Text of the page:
By Binish Desai, Published in Rotary International
I started my journey in Rotary as a Youth Exchange Student in 2009-10, hosted by the Rotary Club of Waukegan, Illinois, USA. I’m now a member of the Rotary Club of Bulsar, India, and Rotary helps me live out my dream, a dream I have had since age 11 – giving back to my community in service.
By McKinley Corbley, April 18, Published in GoodNewsNetwork
The leaders of North and South Korea may finally put an end to the conflict that has been affecting the two nations for the last 68 years. At the end of the Korean war in 1954, South and North Korean officials signed a truce. Though it put an end to the violence between Pyeongchang and Seoul, they never actually agreed to sign a peace treaty.
April 4, 2018
The Islamic Development Bank (IsDB) has announced a Ugandan, Rehmah Kasule as one of the winners of the 13th edition of the Bank’s Prize for women’s contribution to development. Three African women join the prestigious group of Peace Laureates, Rehmah Kasule (Uganda), Hamsatu Nashe Alamin (Nigeria) and Togo based NGO, Groupe de réflexion et d’action, Femme, Démocratie et Développement. The Islamic Development Bank “Women’s contribution to Peace, Security and Development Prize” was awarded in Tunisia by the IsDB President, H.E. Dr. Bandar Hamza Hajjar and Prime Minister of Tunisia on 4th April 2018.
By Lucy Renju, Published in Rotary Club of Moshi
The Rotary Club of Moshi, Tanzania erected the Moshi Rotary Peace Monument in celebration of 100 years of the Rotary Foundation. The monument is a tribute to Rotarians and the community of Moshi to stand together for a shared vision for the advancement of peace, goodwill and world understanding. To meet this important goal of pursuing peace, Rotarians have become engaged, knowledgeable and empowered themselves and others into effective agents of peace within their communities, their societies and the world.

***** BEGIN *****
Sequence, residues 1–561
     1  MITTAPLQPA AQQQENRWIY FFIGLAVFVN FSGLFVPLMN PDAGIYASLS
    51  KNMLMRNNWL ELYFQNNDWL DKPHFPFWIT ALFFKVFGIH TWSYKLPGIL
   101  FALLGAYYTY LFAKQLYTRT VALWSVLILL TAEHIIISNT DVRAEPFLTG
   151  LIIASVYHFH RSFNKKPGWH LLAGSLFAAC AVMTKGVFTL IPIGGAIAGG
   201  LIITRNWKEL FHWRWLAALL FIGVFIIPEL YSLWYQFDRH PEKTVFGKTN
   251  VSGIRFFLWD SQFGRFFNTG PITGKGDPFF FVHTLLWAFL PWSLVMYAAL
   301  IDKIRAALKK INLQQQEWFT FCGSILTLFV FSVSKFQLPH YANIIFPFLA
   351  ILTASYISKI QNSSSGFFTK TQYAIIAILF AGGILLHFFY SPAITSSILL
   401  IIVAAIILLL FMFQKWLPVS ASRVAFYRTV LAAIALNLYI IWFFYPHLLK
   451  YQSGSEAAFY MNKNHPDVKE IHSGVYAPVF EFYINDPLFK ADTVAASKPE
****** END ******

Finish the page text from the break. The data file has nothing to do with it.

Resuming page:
By Rotary Service and Engagement Staff, Published in Rotary International
According to UNHCR, 65.6 million people are currently displaced by conflict, violence, or persecution. Rotary members refuse to accept conflict as a way of life and are committed to pursuing projects that address the structural causes of conflict, including poverty, inequality, ethnic tension, lack of access to education, and unequal distribution of resources.
By Anne Stein, Published in Rotary International
In a nation once wracked by civil war, Liberian Rotarian Elizabeth Sele Mulbah has spent much of her life leading efforts for peace and reconciliation. A past president (2011-12) of the Rotary Club of Sinkor, Mulbah has a remarkable résumé. She began her career as a nurse, moved into teaching and administration, took on a leadership role at the Christian Health Association of Liberia, and worked at the United Nations Development Program.